What Else Advisors Need to Know About Accepting Credit Cards

by Richard D’Ambrosio
What Else Advisors Need to Know About Accepting Credit Cards

At the highest strategic level for a travel agency, accepting credit cards raises a number of banking and financial management issues for the owner. Photo: Shutterstock.com.


When an agent decides to accept credit cards through their own merchant account, their work to make certain that they don’t run afoul of state regulations or poor financial management decisions has only begun.

For instance, accepting credit cards to facilitate a client paying you a service fee is fairly straightforward. But when you choose a business model that also has you accepting credit cards as the merchant of record, “swipe and go” is not as simple as you might think.

“Most certainly, it’s appropriate for agents to collect payment directly on say, a design fee for consulting on a client’s trip,” said Jennifer Cochrane, co-founder & COO, Gifted Travel Network. “But accepting cards to pay for elements of your client’s trips is a completely different story. There is so much risk associated with being the merchant of record. We advise agents that it is better to facilitate payment and pass it through to the supplier, rather than accepting payment directly.”

Also, depending on what host agency or travel network you work with, you might be violating the terms of your host agreement if you accept payment directly. Avoya Travel does not permit agents to charge services fees to their clients, and all traveler payments must be made directly to the vendor through the company’s Agent Power™ technology system.

Separating funds can be a regulatory and management issue
At the highest strategic level for a travel agency, accepting credit cards raises a number of banking and financial management issues for the owner.

First off, state regulations govern to which bank account your payment processor should be depositing your client’s funds. In many states, like California, your client’s money needs to be held in a bank account separate from the agency’s “operating” business account.

“A customer’s funds cannot go into your operating account, and I have heard of some agents who co-mingle,” said Cochrane. “What I find in many cases, is that agents don’t understand either the compliance risk or the accounting risk associated with their transactions.”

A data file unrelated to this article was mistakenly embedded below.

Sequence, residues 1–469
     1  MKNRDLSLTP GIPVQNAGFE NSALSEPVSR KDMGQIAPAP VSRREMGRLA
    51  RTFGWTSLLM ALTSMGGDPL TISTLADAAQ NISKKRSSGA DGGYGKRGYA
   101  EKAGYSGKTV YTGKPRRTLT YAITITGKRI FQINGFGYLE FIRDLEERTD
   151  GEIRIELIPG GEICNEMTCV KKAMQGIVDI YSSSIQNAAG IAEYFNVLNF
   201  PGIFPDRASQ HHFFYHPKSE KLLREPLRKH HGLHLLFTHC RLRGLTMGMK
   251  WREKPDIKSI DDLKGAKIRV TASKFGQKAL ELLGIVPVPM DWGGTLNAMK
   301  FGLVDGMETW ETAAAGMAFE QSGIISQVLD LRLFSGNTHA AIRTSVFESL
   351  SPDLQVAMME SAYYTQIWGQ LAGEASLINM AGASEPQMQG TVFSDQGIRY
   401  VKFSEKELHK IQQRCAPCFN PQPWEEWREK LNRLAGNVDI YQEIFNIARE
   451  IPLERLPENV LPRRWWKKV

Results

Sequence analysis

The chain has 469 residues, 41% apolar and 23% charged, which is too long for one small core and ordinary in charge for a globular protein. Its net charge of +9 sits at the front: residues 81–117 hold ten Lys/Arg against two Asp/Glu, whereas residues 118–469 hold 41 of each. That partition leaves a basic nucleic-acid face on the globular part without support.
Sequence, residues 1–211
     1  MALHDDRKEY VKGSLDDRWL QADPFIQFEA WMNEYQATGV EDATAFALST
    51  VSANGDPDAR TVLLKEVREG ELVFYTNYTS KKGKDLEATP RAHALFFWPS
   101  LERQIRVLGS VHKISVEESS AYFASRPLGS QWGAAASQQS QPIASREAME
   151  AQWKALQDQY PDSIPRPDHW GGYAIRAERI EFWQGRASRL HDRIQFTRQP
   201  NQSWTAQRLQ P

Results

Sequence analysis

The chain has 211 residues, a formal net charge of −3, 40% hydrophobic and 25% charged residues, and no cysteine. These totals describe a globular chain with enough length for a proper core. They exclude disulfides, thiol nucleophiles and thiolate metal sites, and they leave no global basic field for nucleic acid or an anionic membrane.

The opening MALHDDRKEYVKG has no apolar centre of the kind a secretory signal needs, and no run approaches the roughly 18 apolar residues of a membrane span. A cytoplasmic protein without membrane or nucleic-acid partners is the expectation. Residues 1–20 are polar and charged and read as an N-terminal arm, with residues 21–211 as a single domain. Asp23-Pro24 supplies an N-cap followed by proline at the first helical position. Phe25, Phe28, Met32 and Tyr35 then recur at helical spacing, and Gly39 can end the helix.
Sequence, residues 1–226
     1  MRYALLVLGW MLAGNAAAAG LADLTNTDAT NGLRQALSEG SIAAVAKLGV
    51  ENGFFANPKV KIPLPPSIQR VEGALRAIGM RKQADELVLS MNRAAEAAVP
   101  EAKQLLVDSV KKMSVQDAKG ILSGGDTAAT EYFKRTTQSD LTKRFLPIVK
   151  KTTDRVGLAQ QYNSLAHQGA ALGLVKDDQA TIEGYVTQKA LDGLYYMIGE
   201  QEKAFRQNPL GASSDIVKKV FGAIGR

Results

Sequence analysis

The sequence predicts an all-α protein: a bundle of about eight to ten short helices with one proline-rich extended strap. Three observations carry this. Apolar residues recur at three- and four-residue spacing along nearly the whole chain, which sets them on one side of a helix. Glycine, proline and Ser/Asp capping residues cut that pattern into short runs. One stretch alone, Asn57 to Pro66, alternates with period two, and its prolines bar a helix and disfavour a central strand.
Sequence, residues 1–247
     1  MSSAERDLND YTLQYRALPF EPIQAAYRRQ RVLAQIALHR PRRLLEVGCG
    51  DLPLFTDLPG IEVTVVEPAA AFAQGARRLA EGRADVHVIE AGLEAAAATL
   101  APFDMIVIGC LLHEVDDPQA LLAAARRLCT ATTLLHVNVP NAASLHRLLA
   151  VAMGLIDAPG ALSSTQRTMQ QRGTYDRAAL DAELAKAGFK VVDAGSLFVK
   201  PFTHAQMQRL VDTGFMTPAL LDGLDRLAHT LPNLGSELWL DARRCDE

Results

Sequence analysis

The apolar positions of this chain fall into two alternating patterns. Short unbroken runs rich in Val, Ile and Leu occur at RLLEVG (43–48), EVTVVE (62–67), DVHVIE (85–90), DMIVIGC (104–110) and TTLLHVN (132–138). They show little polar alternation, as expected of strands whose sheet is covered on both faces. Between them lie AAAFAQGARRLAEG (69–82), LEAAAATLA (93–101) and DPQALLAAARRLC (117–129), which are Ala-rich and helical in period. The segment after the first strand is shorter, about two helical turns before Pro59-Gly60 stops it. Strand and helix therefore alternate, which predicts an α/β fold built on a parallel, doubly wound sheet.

Secondly, out-of-pattern deposits or withdrawals and/or a high number of claims and chargebacks could cause the financial institution processing your card payments to freeze your accounts. If you have collected trip deposits from clients that need to be used to pay the supplier to guarantee the trip, and your account is frozen, you are going to have a problem.

These “account limitations” are temporary restrictions placed on a merchant’s account that could prevent withdrawing, sending, or receiving money until the institution can establish whether there have been any fraudulent charges or if the transactions are out of compliance with banking regulatory requirements.

“I’ve seen many times, where the merchant flags the activity as unusual, and freezes the agent’s account funds indefinitely,” said Cochrane. “Locking up your funds can be devastating to a business.”

Some agents seek to be the merchant of record so that they can accept the funds from a credit card payment, and then make the actual payment to the merchant/supplier on their own credit card, earning the rewards points from that spend. Other agents want their clients to only see a single dollar amount payment on their credit card statement, and not a group of separate payments to different suppliers that might reveal more detail about the cost of those separate elements.